Six New COVID Cases Push Warren County Past 50 for November

November 18, 2020

WARREN, Pa. – With six new COVID-19 cases reported for Tuesday, Warren County has reached 53 total new cases for November, an average of more than three per day.

Five of the six new cases were confirmed, with one probable, according to the Pennsylvania Department of Health’s daily update Wednesday. That brings the county cumulative total to 124, 109 confirmed and 15 probable.

The six new cases give November 53 for the month, 49 confirmed and four probable, an average of 3.11 new cases per day. It also raised the county’s cumulative cases per 100,00 to 313.9.

Warren County was the last county to cross the 100 per 100,000 threshold, doing so Sept. 8. The county jumped from 111.4 on Oct. 1 to 179.8 on Oct. 31.

The rise in cases has already had a negative impact on local businesses. Both The Plaza Restaurant and Jefferson DeFrees Family Center Daycare have been forced to close due to staff coming in contact with a COVID positive patient. Warren General Hospital changed its visitation policy due to the increase in cases across the region. And Total Evolution Café took the proactive step of temporarily closing its indoor dining area in an effort to keep customers safe.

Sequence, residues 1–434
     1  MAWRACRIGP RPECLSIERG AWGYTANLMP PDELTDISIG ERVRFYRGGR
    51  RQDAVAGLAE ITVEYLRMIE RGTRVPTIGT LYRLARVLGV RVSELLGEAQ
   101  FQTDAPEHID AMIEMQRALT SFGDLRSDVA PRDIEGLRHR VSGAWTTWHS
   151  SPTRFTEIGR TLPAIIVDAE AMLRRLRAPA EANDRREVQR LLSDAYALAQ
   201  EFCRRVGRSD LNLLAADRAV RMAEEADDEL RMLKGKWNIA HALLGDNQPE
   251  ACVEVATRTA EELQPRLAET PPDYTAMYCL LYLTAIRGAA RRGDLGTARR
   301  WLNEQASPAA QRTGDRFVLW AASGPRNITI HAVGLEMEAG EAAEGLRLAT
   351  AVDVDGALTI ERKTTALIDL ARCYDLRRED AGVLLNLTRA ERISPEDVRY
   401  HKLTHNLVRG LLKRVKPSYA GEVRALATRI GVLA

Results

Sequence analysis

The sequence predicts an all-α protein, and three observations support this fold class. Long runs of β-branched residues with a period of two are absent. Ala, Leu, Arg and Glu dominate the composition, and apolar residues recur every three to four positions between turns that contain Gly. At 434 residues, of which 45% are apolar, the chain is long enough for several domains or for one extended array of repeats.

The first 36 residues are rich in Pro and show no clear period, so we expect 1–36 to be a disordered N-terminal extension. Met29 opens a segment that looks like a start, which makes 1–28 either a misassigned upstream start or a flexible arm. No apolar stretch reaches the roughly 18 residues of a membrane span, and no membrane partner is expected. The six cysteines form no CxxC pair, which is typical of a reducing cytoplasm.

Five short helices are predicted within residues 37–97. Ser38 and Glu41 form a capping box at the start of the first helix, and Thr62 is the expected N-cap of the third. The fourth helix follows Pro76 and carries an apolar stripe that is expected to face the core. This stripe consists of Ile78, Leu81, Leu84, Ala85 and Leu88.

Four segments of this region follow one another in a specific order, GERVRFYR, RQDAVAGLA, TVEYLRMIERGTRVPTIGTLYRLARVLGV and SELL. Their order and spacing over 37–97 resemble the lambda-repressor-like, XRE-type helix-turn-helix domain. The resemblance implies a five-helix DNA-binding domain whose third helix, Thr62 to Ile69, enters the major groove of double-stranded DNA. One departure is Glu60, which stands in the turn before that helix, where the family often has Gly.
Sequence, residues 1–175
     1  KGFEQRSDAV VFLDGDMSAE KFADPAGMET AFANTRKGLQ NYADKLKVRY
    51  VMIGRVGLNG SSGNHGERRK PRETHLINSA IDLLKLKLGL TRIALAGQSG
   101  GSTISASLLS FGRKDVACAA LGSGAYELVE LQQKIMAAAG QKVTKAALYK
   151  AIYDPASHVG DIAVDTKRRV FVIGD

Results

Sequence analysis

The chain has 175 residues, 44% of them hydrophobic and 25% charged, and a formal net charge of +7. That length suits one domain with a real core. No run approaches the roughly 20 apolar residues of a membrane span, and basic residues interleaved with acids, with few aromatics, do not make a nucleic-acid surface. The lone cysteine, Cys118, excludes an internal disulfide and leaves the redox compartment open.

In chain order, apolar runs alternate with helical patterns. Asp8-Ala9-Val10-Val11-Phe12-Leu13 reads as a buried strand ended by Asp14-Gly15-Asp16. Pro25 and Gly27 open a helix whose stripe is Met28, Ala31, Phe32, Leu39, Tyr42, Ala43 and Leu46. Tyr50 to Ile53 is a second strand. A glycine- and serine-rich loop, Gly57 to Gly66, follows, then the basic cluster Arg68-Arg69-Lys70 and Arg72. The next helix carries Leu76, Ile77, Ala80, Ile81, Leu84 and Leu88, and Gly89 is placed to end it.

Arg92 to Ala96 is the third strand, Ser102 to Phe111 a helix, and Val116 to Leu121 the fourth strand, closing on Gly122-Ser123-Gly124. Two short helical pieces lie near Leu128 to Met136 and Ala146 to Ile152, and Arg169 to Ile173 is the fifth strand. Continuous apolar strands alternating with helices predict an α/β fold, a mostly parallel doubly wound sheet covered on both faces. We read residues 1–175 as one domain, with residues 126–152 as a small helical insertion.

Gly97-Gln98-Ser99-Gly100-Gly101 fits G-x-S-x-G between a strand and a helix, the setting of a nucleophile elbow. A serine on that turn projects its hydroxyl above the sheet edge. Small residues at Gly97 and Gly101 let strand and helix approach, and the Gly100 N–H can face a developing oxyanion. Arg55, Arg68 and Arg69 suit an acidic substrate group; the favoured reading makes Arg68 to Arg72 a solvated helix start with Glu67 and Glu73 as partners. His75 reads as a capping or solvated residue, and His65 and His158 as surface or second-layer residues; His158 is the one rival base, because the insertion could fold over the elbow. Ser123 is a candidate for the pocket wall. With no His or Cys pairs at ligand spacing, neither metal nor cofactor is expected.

The rapid increase in cases statewide caused DOH Secretary Dr. Rachel Levine to announce new targeted mitigation efforts Tuesday aimed at slowing the spread of the virus. Included among those are testing requirements for travelers and a strengthening of the state’s mask mandate.

“Masking is one of the simplest steps we can all take to slow the spread of COVID-19,” Levine said during the announcement. “If you have people in your home that are not part of your household, you must wear a mask.”

While the case count increases, the county still has just a single reported COVID-19 death.

The cumulative case count includes those cases the state considers “recovered.”

A case is considered recovered “if a case has not been reported as a death, and it is more than 30 days past the date of their first positive test (or onset of symptoms) then an individual is considered recovered,” according to the Department of Health.

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